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Conceptual Breakthroughs In Evolutionary Genetics

Author: John C. Avise
Publisher: Academic Press
ISBN: 0124202373
Size: 18.31 MB
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Conceptual Breakthroughs in Evolutionary Genetics is a pithy, lively book occupying a special niche—the conceptual history of evolutionary genetics— not inhabited by any other available treatment. Written by a world-leading authority in evolutionary genetics, this work encapsulates and ranks 70 of the most significant paradigm shifts in evolutionary biology and genetics during the century-and-a-half since Darwin and Mendel. The science of evolutionary genetics is central to all of biology, but many students and other practitioners have little knowledge of its historical roots and conceptual developments. This book fills that knowledge gap in a thought-provoking and readable format. This fascinating chronological journey along the many conceptual pathways to our modern understanding of evolutionary and genetic principles is a wonderful springboard for discussions in undergraduate or graduate seminars in evolutionary biology and genetics. But more than that, anyone interested in the history and philosophy of science will find much of value between its covers. Provides a relative ranking of 70 seminal breakthroughs and paradigm shifts in the field of evolutionary biology and genetics Modular format permits ready access to each described subject Historical overview of a field whose concepts are central to all of biology and relevant to a broad audience of biologists, science historians, and philosophers of science Extensively cross-referenced with a guide to landmark papers and books for each topic

Conceptual Breakthroughs In Ethology And Animal Behavior

Author: Michael D. Breed
Publisher: Academic Press
ISBN: 0128095458
Size: 15.12 MB
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Conceptual Breakthroughs in Ethology and Animal Behavior highlights, through concise summaries, the most important discoveries and scientific revolutions in animal behavior. These are assessed for their relative impact on the field and their significance to the forward motion of the science of animal behavior. Eighty short essays capture the moment when a new concept emerged or a publication signaled a paradigm shift. How the new understanding came about is explained, and any continuing controversy or scientific conversation on the issue is highlighted. Behavior is a rich and varied field, drawing on genetics, evolution, physiology, and ecology to inform its principles, and this book embraces the wealth of knowledge that comes from the unification of these fields around the study of animals in motion. The chronological organization of the essays makes this an excellent overview of the history of animal behavior, ethology, and behavioral ecology. The work includes such topics as Darwin’s role in shaping the study of animal behavior, the logic of animal contests, cognition, empathy in animals, and animal personalities. Succinct accounts of new revelations about behavior through scientific investigation and scrutiny reveal the fascinating story of this field. Similar to Dr. John Avise’s Contemporary Breakthroughs in Evolutionary Genetics, the work is structured into vignettes that describe the conceptual revolution and assess the impact of the conceptual change, with a score, which ranges from 1-10, providing an assessment of the impact of the new findings on contemporary science. Features a lively, brisk writing style and brief entries to enable easy, enjoyable access to this essential information Includes topics that cover the range of behavioral biology from mechanism to behavioral ecology Can also be used as supplemental material for an undergraduate animal behavior course, or as the foundational text for an upper level or graduate discussion course in advanced animal behavior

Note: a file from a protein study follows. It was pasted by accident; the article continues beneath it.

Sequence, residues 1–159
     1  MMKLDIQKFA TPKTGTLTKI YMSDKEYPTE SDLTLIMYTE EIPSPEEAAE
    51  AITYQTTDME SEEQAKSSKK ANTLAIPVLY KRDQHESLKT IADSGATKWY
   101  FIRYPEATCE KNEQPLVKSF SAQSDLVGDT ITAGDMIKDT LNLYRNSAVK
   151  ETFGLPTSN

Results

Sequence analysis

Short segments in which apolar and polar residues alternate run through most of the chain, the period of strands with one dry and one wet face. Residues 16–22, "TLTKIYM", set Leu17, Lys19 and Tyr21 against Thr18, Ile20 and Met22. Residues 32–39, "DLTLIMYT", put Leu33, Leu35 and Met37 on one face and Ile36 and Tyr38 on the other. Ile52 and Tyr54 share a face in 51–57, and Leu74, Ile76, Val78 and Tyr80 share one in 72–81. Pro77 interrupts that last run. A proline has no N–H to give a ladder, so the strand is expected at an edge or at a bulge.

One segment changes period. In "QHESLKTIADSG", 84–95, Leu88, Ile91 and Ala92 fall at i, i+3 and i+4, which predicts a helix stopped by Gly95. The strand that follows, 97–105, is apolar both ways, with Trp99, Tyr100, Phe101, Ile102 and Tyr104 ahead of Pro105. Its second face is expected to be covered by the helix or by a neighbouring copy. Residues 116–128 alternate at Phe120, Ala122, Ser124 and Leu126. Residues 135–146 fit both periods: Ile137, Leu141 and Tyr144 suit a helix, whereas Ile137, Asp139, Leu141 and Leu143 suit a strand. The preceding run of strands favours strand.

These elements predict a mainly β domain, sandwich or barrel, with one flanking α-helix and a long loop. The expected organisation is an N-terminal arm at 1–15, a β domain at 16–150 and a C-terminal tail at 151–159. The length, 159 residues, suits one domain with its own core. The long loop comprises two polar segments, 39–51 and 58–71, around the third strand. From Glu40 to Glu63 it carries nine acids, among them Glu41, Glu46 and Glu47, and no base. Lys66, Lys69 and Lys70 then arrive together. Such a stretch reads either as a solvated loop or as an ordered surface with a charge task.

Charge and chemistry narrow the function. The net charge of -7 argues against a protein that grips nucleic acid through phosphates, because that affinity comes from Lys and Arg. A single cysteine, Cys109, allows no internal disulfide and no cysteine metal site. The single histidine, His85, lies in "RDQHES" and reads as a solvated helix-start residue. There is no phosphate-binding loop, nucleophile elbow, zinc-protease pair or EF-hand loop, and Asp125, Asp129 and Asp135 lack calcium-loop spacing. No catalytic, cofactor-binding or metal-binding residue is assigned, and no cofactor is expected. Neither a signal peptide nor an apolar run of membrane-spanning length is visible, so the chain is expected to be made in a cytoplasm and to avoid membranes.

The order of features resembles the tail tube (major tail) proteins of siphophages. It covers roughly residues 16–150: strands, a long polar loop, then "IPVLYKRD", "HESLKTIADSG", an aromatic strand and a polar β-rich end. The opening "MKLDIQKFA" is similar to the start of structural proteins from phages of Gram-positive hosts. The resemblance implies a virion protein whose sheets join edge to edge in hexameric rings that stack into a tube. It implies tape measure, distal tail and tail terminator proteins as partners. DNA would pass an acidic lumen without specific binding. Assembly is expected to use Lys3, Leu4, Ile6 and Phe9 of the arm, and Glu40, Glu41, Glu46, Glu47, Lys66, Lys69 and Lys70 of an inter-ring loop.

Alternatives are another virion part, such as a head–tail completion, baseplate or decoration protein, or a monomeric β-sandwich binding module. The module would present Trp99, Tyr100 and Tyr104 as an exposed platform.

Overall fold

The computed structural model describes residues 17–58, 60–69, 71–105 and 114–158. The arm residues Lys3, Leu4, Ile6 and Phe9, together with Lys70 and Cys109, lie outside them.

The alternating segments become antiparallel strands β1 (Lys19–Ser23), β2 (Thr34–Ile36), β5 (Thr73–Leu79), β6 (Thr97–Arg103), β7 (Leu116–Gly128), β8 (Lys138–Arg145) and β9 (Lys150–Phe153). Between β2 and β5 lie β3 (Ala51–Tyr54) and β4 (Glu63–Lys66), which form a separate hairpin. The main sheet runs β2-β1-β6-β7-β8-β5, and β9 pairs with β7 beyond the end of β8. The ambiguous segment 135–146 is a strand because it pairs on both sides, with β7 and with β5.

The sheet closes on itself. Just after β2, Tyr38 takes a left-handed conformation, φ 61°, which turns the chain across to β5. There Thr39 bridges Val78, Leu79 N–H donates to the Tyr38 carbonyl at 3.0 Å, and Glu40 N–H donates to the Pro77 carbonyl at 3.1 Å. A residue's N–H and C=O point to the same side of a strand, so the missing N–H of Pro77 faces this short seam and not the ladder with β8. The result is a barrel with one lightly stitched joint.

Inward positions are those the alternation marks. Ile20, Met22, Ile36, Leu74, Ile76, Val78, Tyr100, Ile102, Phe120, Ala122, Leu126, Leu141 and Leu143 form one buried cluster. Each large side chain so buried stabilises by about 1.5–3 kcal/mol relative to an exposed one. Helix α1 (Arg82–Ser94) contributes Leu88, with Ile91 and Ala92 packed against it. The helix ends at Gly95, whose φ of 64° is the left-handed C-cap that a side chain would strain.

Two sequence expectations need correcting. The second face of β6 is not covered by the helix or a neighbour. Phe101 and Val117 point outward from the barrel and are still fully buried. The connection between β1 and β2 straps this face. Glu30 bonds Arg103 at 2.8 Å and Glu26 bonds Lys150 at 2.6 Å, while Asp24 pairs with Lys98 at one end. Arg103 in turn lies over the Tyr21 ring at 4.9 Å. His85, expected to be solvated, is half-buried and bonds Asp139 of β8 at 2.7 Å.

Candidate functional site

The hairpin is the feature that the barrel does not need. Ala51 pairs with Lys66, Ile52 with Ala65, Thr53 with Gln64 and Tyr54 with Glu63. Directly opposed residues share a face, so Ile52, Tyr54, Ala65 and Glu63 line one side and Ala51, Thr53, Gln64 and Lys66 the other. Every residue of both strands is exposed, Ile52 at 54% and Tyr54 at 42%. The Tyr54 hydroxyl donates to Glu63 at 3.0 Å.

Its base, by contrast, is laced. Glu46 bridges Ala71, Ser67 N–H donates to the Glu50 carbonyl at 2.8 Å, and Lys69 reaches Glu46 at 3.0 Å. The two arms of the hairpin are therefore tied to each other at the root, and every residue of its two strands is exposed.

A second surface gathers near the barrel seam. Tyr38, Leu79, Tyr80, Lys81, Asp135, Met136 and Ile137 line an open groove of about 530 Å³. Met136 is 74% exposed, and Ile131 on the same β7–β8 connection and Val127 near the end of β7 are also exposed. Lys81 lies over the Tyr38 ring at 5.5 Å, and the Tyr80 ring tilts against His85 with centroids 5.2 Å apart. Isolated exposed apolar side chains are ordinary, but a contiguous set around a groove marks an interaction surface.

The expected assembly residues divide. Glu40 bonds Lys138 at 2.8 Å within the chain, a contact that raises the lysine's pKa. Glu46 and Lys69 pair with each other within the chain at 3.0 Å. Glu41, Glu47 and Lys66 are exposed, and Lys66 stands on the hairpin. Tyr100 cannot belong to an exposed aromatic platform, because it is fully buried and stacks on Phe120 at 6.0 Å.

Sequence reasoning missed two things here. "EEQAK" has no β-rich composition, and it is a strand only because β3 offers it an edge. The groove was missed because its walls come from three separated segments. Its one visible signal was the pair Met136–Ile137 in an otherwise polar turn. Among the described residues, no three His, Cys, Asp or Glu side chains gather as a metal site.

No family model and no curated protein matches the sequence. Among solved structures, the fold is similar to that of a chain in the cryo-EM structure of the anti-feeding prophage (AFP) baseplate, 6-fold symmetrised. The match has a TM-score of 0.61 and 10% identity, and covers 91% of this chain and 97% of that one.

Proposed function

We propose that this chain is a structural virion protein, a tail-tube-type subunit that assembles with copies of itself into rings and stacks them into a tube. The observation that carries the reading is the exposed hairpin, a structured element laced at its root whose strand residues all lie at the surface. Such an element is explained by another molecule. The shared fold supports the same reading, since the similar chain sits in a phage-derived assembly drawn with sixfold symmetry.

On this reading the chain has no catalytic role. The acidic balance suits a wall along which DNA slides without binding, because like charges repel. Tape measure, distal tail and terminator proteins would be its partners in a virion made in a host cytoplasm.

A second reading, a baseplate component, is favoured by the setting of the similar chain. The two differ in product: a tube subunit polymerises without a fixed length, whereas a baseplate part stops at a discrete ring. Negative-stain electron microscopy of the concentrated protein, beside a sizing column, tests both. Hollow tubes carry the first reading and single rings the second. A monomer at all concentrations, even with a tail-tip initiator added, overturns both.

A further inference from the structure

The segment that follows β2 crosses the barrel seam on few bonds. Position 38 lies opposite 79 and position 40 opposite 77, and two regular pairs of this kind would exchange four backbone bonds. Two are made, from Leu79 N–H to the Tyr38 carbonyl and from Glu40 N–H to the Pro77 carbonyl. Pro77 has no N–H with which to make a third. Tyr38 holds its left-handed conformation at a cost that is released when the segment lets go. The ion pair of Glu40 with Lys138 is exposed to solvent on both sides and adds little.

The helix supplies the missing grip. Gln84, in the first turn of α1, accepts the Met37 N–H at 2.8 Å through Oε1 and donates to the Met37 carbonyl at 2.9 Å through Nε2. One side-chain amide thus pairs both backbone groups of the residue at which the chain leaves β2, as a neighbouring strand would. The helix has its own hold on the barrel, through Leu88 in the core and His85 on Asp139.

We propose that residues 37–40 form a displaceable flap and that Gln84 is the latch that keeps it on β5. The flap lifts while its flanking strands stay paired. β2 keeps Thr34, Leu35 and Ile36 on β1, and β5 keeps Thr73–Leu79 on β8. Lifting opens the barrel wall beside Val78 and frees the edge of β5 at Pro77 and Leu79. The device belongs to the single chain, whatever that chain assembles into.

Complementarity Beyond Physics

Author: Arun Bala
Publisher: Springer
ISBN: 3319397842
Size: 75.95 MB
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In this study Arun Bala examines the implications that Niels Bohr’s principle of complementarity holds for fields beyond physics. Bohr, one of the founding figures of modern quantum physics, argued that the principle of complementarity he proposed for understanding atomic processes has parallels in psychology, biology, and social science, as well as in Buddhist and Taoist thought. But Bohr failed to offer any explanation for why complementarity might extend beyond physics, and his claims have been widely rejected by scientists as empty speculation. Scientific scepticism has only been reinforced by the naïve enthusiasm of postmodern relativists and New Age intuitionists, who seize upon Bohr’s ideas to justify anti-realist and mystical positions. Arun Bala offers a detailed defence of Bohr’s claim that complementarity has far-reaching implications for the biological and social sciences, as well as for comparative philosophies of science, by explaining Bohr’s parallels as responses to the omnipresence of grown properties in nature.